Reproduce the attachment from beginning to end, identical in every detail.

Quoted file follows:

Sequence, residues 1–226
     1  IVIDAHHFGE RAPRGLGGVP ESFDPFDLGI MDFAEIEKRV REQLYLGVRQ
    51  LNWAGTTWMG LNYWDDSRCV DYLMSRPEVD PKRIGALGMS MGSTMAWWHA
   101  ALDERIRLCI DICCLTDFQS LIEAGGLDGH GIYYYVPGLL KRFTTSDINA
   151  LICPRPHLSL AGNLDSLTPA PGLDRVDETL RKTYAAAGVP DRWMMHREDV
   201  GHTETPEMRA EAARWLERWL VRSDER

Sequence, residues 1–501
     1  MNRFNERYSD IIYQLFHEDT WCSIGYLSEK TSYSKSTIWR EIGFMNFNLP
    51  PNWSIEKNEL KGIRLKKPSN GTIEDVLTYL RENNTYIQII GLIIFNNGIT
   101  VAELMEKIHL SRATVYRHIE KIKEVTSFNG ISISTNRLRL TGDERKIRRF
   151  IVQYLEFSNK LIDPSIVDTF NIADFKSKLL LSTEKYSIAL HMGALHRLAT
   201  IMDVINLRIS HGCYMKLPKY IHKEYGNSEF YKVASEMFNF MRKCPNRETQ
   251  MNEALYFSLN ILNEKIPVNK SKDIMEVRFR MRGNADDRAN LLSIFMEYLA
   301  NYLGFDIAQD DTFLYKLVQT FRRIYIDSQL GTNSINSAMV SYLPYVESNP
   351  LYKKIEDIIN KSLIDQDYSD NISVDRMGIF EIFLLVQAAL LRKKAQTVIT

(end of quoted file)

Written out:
Sequence, residues 1–226
     1  IVIDAHHFGE RAPRGLGGVP ESFDPFDLGI MDFAEIEKRV REQLYLGVRQ
    51  LNWAGTTWMG LNYWDDSRCV DYLMSRPEVD PKRIGALGMS MGSTMAWWHA
   101  ALDERIRLCI DICCLTDFQS LIEAGGLDGH GIYYYVPGLL KRFTTSDINA
   151  LICPRPHLSL AGNLDSLTPA PGLDRVDETL RKTYAAAGVP DRWMMHREDV
   201  GHTETPEMRA EAARWLERWL VRSDER

Sequence, residues 1–501
     1  MNRFNERYSD IIYQLFHEDT WCSIGYLSEK TSYSKSTIWR EIGFMNFNLP
    51  PNWSIEKNEL KGIRLKKPSN GTIEDVLTYL RENNTYIQII GLIIFNNGIT
   101  VAELMEKIHL SRATVYRHIE KIKEVTSFNG ISISTNRLRL TGDERKIRRF
   151  IVQYLEFSNK LIDPSIVDTF NIADFKSKLL LSTEKYSIAL HMGALHRLAT
   201  IMDVINLRIS HGCYMKLPKY IHKEYGNSEF YKVASEMFNF MRKCPNRETQ
   251  MNEALYFSLN ILNEKIPVNK SKDIMEVRFR MRGNADDRAN LLSIFMEYLA
   301  NYLGFDIAQD DTFLYKLVQT FRRIYIDSQL GTNSINSAMV SYLPYVESNP
   351  LYKKIEDIIN KSLIDQDYSD NISVDRMGIF EIFLLVQAAL LRKKAQTVIT